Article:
Saturday, September 28, 2019

Downton Abbey (the movie)






    My wife and I saw Downton Abbey—The Movie a week ago and as promised, my more detailed reactions are now available here. 

If you have seen the Downton television series, watching this film is like slipping into a pair of well broken in bedroom slippers or dipping into a bowl of strawberries and clotted cream. If you have not seen the TV series, the plot and the character’s relation to it may come at you rather too rapidly. The back stories from the series are numerous and critical so it does help that the  initiated know why Lady Mary and Lady Edith greet each other tentatively. They are already primed and ready to laugh at Maggie Smith’s every acerbic remark. They know without needing to ask about the crosscurrents circulating below stairs and it is no surprise when Mr. Carson returns to assist with the royal visit.

It is also not surprising that the eye candy Abbey and the incredible outfits worn by its inhabitants steal the pictorial show. Downton Abbey itself is imposing and timeless in glorious dawns, sunny days, and torch lit evenings. Never are there repair scaffolds to mar its enveloping and stalwart presence.

Sure we are watching the final gasps of a life style destined for discard and just waiting for the Depression, the rise of National Socialism in Germany, and the next Great War. Yet, while the party goes on, we can revel in all the characters and their soap opera conflicts. A royal visit must be prepared for; Buckingham Palace servants must arrive and put downstairs into a tizzy; and a mysterious Irishman must lurk in a dark pub with Tom to give us just the right amount of violent possibility. Just like the TV series,  the elements are tied up in a nice bow at the end leaving only a few threads hanging that could be used for new episodes should the prolific creator, Julian Fellows, wish to take us into the 1930’s.

In sum my wife and I loved the film. We loved the color, the pageantry, the costumes, the family disputes, and the class warfare.  We fully realize the world depicted is as much romance as King Arthur’s Camelot and we fully acknowledge that the lives of the servant class were far harsher than depicted.  Yet, we loved it still.  Chris Jones said in his positive Chicago Tribune review that “The only justification for privilege is service,” and The Downton family does seem to exemplify this in spite of their obscene wealth.

And let’s face it, when all is said and done, you just have to love slipping on a pair of well broken in bedroom slippers and eating berries covered with clotted cream.      

Monday, August 12, 2019

Come From Away is a musical even I can love




We saw Sanlof and Hein’s marvelous musical, Come From Away,  a week ago  Sunday at the Cadillac Palace Theatre in Chicago.  We attended with old friends   Carolyn and Gordon Kirk and afterwards enjoyed a long discussion with them over drinks before hopping back on Amtrak to return home.  I have often been accused of not liking musicals yet my wife and I have seen four of them this summer and each one has been totally enjoyable.  Amateur  productions of Mary Poppins and Godspell were directed and/or designed by former Monmouth College Theatre students and that just added to our appreciation and pride.  On the professional side,  the Goodman Theatre’s production of The Music Man was a feast for the eyes and the ears and reminded us of the staying power of those rousing Midwestern tunes.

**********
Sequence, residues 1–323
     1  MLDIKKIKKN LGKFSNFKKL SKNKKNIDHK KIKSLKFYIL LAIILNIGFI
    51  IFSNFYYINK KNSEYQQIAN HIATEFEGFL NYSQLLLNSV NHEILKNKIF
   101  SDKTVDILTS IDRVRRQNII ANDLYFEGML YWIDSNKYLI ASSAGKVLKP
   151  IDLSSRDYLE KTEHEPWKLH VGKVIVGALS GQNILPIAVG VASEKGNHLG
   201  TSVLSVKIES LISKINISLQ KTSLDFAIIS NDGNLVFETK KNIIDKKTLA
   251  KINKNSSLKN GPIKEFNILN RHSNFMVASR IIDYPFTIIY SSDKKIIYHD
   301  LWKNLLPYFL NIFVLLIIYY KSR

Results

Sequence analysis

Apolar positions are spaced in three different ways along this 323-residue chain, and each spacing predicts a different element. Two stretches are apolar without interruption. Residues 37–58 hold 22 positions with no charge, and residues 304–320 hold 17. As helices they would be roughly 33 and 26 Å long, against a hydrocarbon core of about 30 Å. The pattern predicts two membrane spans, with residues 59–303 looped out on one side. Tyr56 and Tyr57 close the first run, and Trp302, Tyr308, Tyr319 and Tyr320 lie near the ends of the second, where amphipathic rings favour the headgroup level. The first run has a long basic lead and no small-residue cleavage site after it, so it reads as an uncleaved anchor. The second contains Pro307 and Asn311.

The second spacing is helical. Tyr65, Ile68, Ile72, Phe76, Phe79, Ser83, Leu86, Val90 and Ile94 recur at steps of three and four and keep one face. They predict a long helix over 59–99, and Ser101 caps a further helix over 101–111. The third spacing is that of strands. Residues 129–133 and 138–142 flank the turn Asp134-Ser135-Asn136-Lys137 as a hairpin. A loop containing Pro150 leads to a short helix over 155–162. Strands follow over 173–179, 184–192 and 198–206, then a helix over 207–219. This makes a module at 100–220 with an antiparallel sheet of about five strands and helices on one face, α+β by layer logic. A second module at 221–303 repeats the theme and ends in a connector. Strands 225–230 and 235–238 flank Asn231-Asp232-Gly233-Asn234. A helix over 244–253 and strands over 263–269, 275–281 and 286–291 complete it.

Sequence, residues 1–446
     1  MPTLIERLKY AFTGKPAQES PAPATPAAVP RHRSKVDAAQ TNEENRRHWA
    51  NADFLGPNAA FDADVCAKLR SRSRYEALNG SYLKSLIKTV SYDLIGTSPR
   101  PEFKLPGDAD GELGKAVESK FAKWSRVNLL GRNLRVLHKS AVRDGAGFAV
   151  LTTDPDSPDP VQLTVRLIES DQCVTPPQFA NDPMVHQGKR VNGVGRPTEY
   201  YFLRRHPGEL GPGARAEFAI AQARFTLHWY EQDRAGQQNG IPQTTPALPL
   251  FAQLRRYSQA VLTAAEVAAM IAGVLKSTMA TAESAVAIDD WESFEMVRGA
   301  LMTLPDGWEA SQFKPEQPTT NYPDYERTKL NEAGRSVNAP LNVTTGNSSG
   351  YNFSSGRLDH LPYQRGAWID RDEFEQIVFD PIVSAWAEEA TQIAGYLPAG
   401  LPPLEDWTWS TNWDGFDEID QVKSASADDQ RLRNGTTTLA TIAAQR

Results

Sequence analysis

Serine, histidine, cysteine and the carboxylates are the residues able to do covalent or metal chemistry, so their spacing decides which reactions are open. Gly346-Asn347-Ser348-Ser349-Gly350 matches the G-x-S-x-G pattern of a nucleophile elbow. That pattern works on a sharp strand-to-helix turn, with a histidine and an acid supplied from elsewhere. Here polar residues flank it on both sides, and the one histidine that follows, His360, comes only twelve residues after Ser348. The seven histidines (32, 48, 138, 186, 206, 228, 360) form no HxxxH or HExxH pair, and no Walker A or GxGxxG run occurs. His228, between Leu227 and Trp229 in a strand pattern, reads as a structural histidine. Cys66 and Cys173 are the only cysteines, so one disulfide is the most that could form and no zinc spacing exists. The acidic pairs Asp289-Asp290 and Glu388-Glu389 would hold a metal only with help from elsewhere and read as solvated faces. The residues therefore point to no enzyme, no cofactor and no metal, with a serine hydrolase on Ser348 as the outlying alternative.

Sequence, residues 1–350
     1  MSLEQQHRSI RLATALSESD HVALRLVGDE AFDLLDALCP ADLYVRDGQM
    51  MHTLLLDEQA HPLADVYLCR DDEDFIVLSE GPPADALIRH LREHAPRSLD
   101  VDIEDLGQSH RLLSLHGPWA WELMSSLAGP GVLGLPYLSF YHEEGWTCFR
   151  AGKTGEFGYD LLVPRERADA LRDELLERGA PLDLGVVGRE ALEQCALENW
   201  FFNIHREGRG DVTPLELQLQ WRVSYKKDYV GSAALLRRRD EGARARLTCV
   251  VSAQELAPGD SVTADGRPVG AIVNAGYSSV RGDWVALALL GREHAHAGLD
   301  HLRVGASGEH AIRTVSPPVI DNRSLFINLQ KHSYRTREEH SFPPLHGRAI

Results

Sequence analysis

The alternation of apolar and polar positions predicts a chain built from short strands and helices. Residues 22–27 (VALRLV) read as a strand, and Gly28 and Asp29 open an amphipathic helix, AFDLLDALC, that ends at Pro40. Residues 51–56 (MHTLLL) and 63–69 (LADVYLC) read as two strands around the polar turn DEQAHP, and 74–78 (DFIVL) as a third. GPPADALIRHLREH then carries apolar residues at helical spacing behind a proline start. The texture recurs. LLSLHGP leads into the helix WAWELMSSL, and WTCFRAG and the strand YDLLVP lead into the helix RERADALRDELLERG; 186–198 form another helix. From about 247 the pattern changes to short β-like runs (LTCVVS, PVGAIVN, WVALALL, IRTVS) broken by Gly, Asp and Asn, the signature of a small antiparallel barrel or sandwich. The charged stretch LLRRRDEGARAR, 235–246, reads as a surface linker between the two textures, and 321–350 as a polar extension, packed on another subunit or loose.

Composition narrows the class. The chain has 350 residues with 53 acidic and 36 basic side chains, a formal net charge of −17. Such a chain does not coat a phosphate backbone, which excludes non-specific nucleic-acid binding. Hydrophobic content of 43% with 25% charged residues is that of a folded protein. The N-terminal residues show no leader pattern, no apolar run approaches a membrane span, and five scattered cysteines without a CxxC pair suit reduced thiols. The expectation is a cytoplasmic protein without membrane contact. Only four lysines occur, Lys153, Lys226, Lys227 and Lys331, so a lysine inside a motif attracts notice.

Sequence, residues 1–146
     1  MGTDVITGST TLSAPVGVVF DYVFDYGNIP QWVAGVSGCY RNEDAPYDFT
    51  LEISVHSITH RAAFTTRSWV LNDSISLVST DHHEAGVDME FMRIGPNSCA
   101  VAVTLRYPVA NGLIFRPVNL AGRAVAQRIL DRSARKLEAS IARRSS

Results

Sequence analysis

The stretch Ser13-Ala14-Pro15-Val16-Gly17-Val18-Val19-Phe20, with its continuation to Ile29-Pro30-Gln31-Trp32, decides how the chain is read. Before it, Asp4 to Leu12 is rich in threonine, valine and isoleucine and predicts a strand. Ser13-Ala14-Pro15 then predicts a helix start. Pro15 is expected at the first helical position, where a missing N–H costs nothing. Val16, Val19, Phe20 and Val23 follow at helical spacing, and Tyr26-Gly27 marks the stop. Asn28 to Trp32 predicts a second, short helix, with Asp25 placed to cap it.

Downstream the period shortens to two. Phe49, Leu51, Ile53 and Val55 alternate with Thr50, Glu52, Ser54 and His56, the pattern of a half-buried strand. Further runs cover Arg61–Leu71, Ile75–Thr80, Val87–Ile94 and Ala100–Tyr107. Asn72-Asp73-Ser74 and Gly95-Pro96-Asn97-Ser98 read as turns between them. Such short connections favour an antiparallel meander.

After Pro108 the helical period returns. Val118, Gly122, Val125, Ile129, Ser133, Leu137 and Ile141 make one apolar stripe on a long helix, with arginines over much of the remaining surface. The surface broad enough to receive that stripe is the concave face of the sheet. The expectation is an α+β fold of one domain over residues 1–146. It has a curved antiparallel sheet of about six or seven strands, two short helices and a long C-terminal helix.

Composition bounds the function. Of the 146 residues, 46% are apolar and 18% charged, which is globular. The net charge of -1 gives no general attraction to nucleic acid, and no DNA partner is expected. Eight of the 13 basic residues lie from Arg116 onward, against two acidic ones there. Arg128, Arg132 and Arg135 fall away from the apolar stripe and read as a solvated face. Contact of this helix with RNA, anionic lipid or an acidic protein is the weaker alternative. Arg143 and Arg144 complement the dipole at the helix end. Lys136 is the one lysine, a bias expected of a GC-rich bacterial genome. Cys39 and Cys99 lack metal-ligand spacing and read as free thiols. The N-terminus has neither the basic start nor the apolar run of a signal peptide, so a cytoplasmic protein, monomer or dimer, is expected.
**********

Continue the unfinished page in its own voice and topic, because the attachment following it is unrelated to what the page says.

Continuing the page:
Seeing Come From Away on the day after another episode of insane gun violence in our country gave it a special sadness even though most of the show is joyous and uplifting.  In Chicago it was  a traveling Broadway in America production that ran to excellent reviews in New York last year and I now believe is running again.  It tells the story of the several thousand airline passengers whose journeys to the USA were abruptly terminated by the closing of American airspace during the 9/11 tragedy.  Some of the stranded were Americans returning home, some were foreigners on business or traveling to see relatives, and others were immigrants.  None of them knew what was happening that day.  All they were told was that American airspace had been closed and they had to land in the airport at Gander on the Canadian Island of Newfoundland. 
  
Older folks, like my wife and I,  do remember Gander.  It used to be a refueling stop for transatlantic flights in older planes that did not have the range to reach more western cities in the US as they made the journey from Europe.  Years ago we were on a flight from London to Chicago that made an unscheduled stop in Belfast to pick up over a hundred Northern Ireland teens who had been chosen to get away for a few weeks from what was called in those days “The Troubles.”  Irony already begins to intrude as those teens were being taken to American to free them for a few weeks from the violence on their hometown streets. In our long ago experience we were informed by the pilot shortly after our takeoff from Belfast that because of the extra stop,  we would not have quite enough fuel to make it to Chicago and would land at Gander for a top up.  As we came in for the landing all I remember is trees and more trees and no indication of anything that might remotely be called civilization.  It was a nice reminder for us when we saw that the set was hemmed in by large tree trunks. It is now important to note that we were a single plane  and knew why we were landing there. We taxied in, were unloaded promptly,  and taken to a big, empty, chilly terminal while the refueling took place.  I remember that they had some delicious ice cream available.   After a couple of hours we were on back on board and up and off.
  
The   9/11 passengers, over 6500 strong, came in on multiple flights  and some had to wait hours just to be unloaded.  Information was scarce and what was available implied that something extremely bad was going on. What they also didn’t  know was that they were going to be stranded in this tiny community that had no facilities to handle, house, or feed visitors in such numbers for five days.